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Discussion Starter · #1 ·
I’ve been spending more time at the C&R recently. I had the nice fishing trip last Thursday evening that I posted about. Yesterday, my son’s music school had their Spring Recital at the C&R pavilion. Ordinarily the recital would be at a church, but due to these unprecedented times, blah, blah, blah. Nevertheless, fourteen kids aged six to fourteen performed. My son played his piano pieces flawlessly, his instructor beaming with pride and some of the attendees moved to tears. I am very proud of my son.

I took this morning off from fishing to spend time with family. At 5pm, I lashed the yak to the hoopty and drove to the park. As I rolled down the path, a man relaxing at a picnic table wished me luck. I thanked him and launched the yak.

The wind calmed and the shallows were slick. I had a brand new 301 5” Yamasenko wacky rigged. I thought, this little reed point is the most obvious and most cast at spot in the lake. Which is exactly why I cast to it. I have learned not to skip “obvious” cover because I think it might be heavily pressured by anglers. I made a short roll cast of about fifteen feet that landed a foot from the reeds. A thick reed in a clump three feet away got tail slapped and then my lure was intercepted. I rolled up slack and swung on a very short line. I felt large weight and big steady head shake. The water frothed and boiled as man and beast battled it out. I’m using fifteen pound Seaguar flouro and 3/0 Octopus so I’m not trying to “play down” the fish. I’m gonna git her in the yak. She dragged me up in the reeds and I’m swinging my rod this way and that. She’s bashing the yak and juking for the reeds. I’m turning the reel against tight drag and not putting line on the spool. She swam under the yak and I turned her. She yawned repeatedly, and when I’d let go of the reel to lip her, she’d pucker up! Finally, my timing was right and I grabbed her open jaw.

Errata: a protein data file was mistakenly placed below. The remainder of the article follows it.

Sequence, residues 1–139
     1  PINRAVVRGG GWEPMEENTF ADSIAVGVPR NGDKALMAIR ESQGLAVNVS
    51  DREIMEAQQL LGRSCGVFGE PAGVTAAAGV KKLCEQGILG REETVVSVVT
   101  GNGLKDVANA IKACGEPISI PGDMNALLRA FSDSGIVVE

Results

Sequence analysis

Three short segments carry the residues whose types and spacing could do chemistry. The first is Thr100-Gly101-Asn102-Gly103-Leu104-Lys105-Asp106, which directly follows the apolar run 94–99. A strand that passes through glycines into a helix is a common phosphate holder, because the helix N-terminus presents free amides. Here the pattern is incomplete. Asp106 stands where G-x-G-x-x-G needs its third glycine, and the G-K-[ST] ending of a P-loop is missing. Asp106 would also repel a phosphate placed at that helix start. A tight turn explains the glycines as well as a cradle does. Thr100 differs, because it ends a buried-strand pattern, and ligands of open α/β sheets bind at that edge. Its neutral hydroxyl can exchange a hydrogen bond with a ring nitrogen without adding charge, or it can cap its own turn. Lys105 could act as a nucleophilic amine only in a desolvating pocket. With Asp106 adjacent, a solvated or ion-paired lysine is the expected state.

I know y’all would never believe me unless I had a pic. I was ten paddle strokes from my launch site, so I headed for shore. I pulled the yak out and carried the hammer over to the old man at the picnic table. I thanked him again for wishing me luck and then asked a favor, “Could you take my picture and text it to me?”

Her said, “I would, but I don’t know how to text.”

I asked some teenagers laying on a quilt under a tree if they could take my picture and text it to me. I ran back to the water’s edge and released the hammer. I relaunched and got six more on senko. Off at 7pm.
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Discussion Starter · #7 ·
“That is almost like asking a man what size his wife wears, or exactly what bait, what size line, how fast of a retrieve...”

LOL, welder! Thanks for the laugh. In polite society asking for the location of fishing spot seems rude or at best, naive. I think people believe in the forum format that questions obligate answers, even when it gets personal. I use to answer these questions automatically. However, I cannot recall a single instance of quid pro quo, “Hey Jeremy, thanks for the location, you should try __ lake by my house.”
 
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